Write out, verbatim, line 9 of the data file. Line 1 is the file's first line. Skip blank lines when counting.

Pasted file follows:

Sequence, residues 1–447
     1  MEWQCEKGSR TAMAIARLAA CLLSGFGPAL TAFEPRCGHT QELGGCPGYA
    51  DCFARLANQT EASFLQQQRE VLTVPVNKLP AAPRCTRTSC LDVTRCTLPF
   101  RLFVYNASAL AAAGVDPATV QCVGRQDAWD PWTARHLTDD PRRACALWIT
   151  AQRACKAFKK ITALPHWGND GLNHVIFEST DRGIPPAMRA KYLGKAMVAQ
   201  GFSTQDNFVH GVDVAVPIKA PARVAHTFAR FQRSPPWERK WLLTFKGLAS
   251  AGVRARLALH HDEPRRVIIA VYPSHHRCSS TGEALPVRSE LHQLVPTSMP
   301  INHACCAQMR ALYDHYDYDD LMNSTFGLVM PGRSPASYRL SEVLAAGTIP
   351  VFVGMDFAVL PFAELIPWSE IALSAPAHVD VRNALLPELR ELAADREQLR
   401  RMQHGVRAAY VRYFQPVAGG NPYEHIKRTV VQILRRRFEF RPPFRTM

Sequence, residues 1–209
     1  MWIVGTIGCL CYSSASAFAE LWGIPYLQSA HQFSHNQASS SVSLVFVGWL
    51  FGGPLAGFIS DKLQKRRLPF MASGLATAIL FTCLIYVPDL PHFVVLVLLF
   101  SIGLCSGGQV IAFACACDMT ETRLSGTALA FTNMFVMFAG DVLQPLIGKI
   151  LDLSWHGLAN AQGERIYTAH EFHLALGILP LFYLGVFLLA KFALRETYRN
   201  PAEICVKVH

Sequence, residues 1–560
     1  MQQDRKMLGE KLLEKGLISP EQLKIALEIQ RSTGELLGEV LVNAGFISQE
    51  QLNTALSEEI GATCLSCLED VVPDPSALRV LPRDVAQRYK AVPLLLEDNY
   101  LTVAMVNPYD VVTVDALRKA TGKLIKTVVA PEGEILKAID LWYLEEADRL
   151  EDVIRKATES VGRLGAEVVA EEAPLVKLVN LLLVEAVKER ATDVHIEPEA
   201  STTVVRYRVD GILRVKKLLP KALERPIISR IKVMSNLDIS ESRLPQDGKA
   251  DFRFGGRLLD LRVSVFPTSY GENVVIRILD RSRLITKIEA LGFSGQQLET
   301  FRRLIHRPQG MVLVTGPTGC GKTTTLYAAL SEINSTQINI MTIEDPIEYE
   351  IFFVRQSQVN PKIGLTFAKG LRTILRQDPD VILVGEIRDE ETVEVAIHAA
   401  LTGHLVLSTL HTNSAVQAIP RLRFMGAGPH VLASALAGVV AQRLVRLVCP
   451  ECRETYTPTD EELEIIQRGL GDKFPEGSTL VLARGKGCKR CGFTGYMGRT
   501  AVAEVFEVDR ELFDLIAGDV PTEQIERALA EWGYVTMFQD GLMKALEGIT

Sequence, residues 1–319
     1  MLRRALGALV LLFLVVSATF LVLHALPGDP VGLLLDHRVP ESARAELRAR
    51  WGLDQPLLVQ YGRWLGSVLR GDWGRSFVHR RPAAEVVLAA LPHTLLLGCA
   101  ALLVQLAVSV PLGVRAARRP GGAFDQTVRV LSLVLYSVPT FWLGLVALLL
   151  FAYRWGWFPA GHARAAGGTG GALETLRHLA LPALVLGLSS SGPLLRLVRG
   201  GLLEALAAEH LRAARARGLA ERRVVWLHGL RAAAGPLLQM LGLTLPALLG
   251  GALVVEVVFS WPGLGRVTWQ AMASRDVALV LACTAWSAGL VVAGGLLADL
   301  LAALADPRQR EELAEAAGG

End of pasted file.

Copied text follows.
   351  VFVGMDFAVL PFAELIPWSE IALSAPAHVD VRNALLPELR ELAADREQLR